Back in 2014 when the Polaris XP 1000 was introduced, the secondary clutch used a round roller. Owners started complaining of the rollers flat spotting and causing issues, so in 2016 Polaris changed the design and started using flat rollers instead. An unintended consequence of this change is that it created a more expensive problem. It started wearing the aluminum secondary itself.
Enter Hunterworks out of Collinsville, MS with a solution.
Hunterworks experimented with many different materials to come up with a solution for the problems that plagued the 14-15 model year Polaris UTVs. They adapted that design into a larger round roller that fits the opening of the flat sliding design in the 2016+ models. Installation is fairly simple with the correct tools and will save you a ton of money in the long run. Different models will have very slight differences, but the overall installation is pretty much the same.
First you need to remove your clutch cover. It helps to remove the clutch vent tubes and get them out of the way as well. The clutch cover screws and hose clamps are all 8mm. If you want to remove the frame clamp to completely move the tube, that bolt is 10mm. Remove the 15mm bolt holding the secondary on and the clutch should come out. If it does not, we’ve found that partially threading it back into place and giving the bolt head a few taps with a deadblow will help break it loose.
Once the secondary is removed, place your secondary on your work bench and use a clutch compression tool to put some pressure to keep the spring from popping out. The helix has a spring that will become a dangerous projectile. Don’t remove it without a way to retain this.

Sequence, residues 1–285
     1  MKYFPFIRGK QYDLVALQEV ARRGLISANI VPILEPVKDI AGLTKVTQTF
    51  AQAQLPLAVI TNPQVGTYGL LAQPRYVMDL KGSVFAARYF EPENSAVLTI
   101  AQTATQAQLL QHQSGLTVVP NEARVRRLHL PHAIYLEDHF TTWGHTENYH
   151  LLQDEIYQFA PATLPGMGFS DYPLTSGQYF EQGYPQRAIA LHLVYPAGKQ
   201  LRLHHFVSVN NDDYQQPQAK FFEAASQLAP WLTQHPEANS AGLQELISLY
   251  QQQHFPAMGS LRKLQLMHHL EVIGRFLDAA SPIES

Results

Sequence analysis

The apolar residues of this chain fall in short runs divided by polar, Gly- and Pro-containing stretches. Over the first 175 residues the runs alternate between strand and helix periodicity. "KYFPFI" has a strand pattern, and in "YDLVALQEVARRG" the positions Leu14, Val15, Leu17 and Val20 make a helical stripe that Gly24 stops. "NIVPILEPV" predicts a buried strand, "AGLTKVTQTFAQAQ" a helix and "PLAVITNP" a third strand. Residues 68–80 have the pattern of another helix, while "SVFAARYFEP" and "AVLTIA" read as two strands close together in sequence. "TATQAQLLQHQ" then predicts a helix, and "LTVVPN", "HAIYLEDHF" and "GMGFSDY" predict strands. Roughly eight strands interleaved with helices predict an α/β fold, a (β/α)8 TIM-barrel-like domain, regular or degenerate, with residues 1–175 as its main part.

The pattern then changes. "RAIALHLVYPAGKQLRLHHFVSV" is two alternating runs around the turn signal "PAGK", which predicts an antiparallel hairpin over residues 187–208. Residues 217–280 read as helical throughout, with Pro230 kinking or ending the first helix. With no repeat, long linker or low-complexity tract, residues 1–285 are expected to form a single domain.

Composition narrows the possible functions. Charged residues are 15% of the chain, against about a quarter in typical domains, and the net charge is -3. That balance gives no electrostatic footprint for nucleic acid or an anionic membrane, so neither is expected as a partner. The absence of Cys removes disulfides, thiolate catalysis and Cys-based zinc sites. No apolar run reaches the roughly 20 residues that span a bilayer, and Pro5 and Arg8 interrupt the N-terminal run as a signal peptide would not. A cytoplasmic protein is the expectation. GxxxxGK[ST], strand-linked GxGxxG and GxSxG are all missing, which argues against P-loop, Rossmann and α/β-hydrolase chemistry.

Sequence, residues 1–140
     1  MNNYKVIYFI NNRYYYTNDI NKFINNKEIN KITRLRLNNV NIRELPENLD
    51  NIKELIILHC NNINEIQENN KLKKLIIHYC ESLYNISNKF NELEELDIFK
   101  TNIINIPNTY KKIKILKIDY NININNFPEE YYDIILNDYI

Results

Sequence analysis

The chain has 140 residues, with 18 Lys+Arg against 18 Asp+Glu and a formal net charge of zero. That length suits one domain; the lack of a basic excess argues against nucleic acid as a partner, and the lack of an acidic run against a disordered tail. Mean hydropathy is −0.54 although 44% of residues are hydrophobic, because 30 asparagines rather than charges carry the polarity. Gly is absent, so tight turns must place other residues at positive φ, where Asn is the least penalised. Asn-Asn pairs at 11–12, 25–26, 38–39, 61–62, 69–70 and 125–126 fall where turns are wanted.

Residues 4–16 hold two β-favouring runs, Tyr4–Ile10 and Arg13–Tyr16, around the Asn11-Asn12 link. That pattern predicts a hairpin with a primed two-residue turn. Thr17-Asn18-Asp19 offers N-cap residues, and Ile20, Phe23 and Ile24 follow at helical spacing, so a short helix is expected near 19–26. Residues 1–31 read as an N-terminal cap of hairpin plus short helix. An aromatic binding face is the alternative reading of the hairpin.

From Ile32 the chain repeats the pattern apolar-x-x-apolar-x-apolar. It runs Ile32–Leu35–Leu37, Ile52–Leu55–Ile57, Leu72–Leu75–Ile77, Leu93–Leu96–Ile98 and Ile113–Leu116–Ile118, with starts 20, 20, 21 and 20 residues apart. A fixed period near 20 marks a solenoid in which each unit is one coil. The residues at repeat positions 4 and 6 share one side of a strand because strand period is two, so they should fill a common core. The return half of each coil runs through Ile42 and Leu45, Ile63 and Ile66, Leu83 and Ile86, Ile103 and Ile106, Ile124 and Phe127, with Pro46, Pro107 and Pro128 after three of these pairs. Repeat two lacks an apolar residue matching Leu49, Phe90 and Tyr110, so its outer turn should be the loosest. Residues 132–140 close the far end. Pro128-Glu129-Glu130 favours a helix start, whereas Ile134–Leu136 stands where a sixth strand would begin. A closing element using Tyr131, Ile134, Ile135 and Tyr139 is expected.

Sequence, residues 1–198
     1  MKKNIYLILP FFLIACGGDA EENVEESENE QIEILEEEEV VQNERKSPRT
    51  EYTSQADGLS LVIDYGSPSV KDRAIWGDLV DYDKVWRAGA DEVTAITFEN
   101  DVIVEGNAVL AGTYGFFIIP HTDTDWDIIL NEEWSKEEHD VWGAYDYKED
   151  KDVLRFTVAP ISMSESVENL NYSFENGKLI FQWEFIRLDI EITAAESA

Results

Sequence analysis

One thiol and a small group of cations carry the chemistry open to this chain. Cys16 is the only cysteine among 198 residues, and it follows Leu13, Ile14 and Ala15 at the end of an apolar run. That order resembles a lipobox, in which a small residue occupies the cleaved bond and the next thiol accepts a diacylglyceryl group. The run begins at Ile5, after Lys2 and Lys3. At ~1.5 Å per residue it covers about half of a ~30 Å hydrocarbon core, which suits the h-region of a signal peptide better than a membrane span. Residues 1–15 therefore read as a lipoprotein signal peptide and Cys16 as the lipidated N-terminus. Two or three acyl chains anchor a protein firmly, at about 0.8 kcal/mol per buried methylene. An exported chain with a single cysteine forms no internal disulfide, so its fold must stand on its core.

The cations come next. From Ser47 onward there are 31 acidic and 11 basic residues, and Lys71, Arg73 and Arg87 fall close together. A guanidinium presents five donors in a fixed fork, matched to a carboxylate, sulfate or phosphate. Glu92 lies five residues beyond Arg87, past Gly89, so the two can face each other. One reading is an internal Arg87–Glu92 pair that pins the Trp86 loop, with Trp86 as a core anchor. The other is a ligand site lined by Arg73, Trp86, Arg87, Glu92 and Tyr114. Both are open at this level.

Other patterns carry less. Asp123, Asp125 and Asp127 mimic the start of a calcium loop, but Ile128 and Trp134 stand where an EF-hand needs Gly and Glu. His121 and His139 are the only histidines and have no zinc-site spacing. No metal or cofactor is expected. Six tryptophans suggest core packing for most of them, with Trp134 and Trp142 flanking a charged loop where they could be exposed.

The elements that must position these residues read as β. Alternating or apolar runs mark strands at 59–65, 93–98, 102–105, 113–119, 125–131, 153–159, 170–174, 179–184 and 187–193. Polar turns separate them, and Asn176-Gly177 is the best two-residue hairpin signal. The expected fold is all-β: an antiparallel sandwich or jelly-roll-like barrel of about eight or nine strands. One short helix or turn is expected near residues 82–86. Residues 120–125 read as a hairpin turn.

Also, on the back of your secondary you will see two molded “X” marks on the secondary. Theses clutches are balanced from the factory and must be put back together in the same position, so be sure to note and mark the locations for later re-assembly.
Depending on your model, there will be four or five T25 torx bolts with lock-tite holding it in. You must apply heat to the bolts to minimize the risk of stripping out the torx heads. After removing the bolts, release the pressure on the spring with your clutch compression tool.
Once the spring and helix are removed, you will next want to knock through the two roll pins on the inside of the clutch with a 1/8″ punch. You don’t have to remove them completely, just enough to be able to pull out the roller retainers. Be sure to contain your work area so that you don’t lose these pins if you do knock them all the way through. They will be re-used. Once they’re out of the way, rotate the roller retainer back and forth while pulling to remove the factory flat slider.
Once the retainers are out, simply slide the old roller off and put the new round rollers on. With the roller retainers out, the clutch sheaves can be separated and it is a great time to clean the clutch as good as possible, remove any residues and lightly scuff the aluminum belt contact surface with a fine grit abrasive pad. Do not use any grease or oils on the clutches!
Finally, re-install the new rollers, put the roll pins back in place, tighten down the spring and helix and lock-tite the T25 torx bolts and put back on to your machine and you’re done!
We want to tell a little more about our side note on the type of torx bits we ended up using on this. Our traditional torx bit broke when attempting to remove the torx bolts. We were fortunate that we didn’t have to drill it out. We simply used a little heat and the broken off part fell out. We’ve discovered that the hardened traditional bits can be too brittle for jobs like this one, especially the smaller sized ones. Dewalt and a couple of other companies make the FlexTorq bits for jobs that are likely to break other bits. We highly recommend them.